On April 14, Montana’s state Legislature passed a bill, SB419, that would effectively ban the app TikTok from operating in the state. It has yet to be signed by Gov. Gianforte, who earlier this year banned TikTok from all state government-owned devices and urged the Montana University System to block the app.
MUS did so — a decision that has made following the issue more difficult for students, as any TikTok press releases or comments issued through their own website now cannot be accessed on University WiFi.
Many other states are following suit in their attempts to ban TikTok, and even the federal government is pursuing a TikTok ban that’s been criticized by social media professionals and First Amendment advocates alike.
Montana is the first state to pass an outright ban on TikTok, though other states have passed restrictions. For example, in March, Utah governor Spencer Cox signed legislation restricting social media usage, including TikTok, for minors. This legislation will go into effect next March, though it’s unclear how it will be enforced. In 2020, then-President Donald Trump attempted to ban TikTok via executive order, but three federal courts enjoined his order.
Montana’s bill would not punish TikTok users. Instead, it would penalize TikTok itself and any app store that allowed users to download it in Montana with a fine of $10,000 per violation, per day.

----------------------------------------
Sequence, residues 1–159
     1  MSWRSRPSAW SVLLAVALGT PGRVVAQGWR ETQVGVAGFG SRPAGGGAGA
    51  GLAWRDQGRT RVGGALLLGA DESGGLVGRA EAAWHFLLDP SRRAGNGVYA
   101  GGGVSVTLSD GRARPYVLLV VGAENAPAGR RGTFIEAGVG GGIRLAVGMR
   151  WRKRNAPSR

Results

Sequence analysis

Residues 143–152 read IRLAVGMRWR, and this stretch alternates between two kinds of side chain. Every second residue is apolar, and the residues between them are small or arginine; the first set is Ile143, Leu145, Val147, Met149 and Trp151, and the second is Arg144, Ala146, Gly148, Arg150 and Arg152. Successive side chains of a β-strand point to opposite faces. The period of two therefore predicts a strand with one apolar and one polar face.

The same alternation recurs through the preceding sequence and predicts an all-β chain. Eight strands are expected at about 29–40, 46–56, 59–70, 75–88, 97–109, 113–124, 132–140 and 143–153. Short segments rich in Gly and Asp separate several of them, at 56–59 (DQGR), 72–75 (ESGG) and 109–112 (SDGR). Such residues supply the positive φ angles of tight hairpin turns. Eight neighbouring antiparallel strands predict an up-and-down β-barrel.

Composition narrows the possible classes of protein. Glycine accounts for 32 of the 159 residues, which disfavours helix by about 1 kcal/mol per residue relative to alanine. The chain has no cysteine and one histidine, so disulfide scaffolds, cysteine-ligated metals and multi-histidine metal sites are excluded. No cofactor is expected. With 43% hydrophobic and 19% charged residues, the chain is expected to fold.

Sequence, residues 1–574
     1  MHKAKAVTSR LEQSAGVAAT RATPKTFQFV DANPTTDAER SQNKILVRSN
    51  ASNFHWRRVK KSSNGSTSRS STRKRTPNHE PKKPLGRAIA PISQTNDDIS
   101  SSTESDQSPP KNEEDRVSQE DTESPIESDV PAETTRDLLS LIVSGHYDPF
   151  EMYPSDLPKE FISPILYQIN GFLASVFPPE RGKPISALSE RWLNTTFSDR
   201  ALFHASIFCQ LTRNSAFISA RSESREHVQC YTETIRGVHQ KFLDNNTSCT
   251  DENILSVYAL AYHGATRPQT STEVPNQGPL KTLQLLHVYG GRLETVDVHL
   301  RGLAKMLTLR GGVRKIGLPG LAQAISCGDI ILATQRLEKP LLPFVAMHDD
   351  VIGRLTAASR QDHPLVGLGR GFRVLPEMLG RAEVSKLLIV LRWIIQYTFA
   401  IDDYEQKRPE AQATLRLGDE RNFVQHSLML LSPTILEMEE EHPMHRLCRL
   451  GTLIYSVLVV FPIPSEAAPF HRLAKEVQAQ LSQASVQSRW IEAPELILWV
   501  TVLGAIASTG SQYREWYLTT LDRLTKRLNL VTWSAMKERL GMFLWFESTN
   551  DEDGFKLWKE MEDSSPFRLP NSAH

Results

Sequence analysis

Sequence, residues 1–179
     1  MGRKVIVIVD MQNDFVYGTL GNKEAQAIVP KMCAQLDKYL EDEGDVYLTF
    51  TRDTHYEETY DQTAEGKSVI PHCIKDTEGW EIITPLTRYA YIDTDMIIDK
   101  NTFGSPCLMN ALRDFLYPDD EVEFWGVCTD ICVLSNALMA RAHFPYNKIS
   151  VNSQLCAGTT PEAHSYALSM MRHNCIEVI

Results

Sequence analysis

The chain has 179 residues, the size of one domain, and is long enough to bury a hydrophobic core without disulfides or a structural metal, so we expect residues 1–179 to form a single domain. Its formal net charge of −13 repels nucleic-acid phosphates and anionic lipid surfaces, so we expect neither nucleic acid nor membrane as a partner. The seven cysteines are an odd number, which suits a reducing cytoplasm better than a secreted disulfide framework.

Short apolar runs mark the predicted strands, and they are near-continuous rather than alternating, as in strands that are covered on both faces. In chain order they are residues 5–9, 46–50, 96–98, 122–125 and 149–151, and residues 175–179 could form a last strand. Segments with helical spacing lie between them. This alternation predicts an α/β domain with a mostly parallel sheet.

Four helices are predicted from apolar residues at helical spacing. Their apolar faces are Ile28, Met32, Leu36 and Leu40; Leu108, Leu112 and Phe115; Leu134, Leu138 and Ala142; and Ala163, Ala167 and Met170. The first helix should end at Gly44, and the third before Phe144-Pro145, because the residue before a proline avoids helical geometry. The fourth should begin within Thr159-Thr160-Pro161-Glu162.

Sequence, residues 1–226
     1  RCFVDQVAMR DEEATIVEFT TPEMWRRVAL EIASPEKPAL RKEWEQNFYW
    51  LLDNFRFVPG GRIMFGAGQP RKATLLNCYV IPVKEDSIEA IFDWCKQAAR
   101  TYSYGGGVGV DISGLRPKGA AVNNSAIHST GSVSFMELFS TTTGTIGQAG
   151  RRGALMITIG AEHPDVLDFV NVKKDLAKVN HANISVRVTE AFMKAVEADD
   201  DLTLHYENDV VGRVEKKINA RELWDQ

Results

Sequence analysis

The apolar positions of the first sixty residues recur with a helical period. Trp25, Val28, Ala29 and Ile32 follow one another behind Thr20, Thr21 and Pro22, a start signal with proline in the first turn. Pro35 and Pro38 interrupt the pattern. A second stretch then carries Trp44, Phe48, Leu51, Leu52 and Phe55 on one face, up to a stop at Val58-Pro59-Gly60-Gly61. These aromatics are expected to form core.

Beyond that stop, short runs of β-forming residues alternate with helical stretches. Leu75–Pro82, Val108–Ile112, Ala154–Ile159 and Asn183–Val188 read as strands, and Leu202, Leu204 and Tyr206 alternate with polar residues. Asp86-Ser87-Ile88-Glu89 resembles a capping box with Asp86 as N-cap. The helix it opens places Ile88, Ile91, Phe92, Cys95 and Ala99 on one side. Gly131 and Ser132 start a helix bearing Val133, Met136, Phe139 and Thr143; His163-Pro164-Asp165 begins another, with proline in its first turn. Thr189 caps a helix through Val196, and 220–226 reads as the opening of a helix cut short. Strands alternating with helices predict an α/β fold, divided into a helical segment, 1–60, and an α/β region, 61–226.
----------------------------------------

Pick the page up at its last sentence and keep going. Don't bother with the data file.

Proponents of the bill cite security concerns as the driving factor for banning the app. TikTok is owned by Chinese company ByteDance, which proponents fear will use TikTok to collect data from Montanans.
“We know beyond a doubt that TikTok’s parent company ByteDance is operating as a surveillance arm of the Chinese Communist Party and gathers information about Americans against their will through TikTok,” said Shelly Vance, the bill’s sponsor, in its first committee hearing.
TikTok does collect user data, according to its Terms of Service.
“I strongly believe that no foreign country should have access to the data of American consumers, let alone a country that’s had surveillance issues with the United States recently,” said UM sophomore Bradley Roscoe, who is in favor of the ban.
However, many have pointed out that this is not unique to TikTok.
“Almost every app we use tracks us,” said UM freshman Delaney Foley. “It’s crazy to think that there would only be Chinese surveillance on TikTok and not other apps.”
It is not unprecedented for governments to track the IPs of Americans and use geofencing to target them for propaganda. For instance, the Georgia Army National Guard recently unveiled plans to use location tracking to direct targeted military recruitment ads at high school students.
Foley uses TikTok for entertainment and to pass time. She follows comedy, guitar tutorials, makeup and band accounts.
“I frankly think there are much, MUCH larger things we should be paying attention to, and using taxpayer money for, than a threat that no one can truly prove,” said Jazz Wiersma, a fourth-year flute performance major. Wiersma has been using TikTok for about two years for relaxation and education.
TikTok can also be used as a marketing platform for small businesses. Missoula artist Brianca Thornton runs a business, Bellis Botanicals, where she sells polymer clay and resin art. Much of her marketing is through social media platforms such as TikTok and Instagram. According to a poll she uses to ask online customers how they found her business, about 40-50% of her online sales come from TikTok.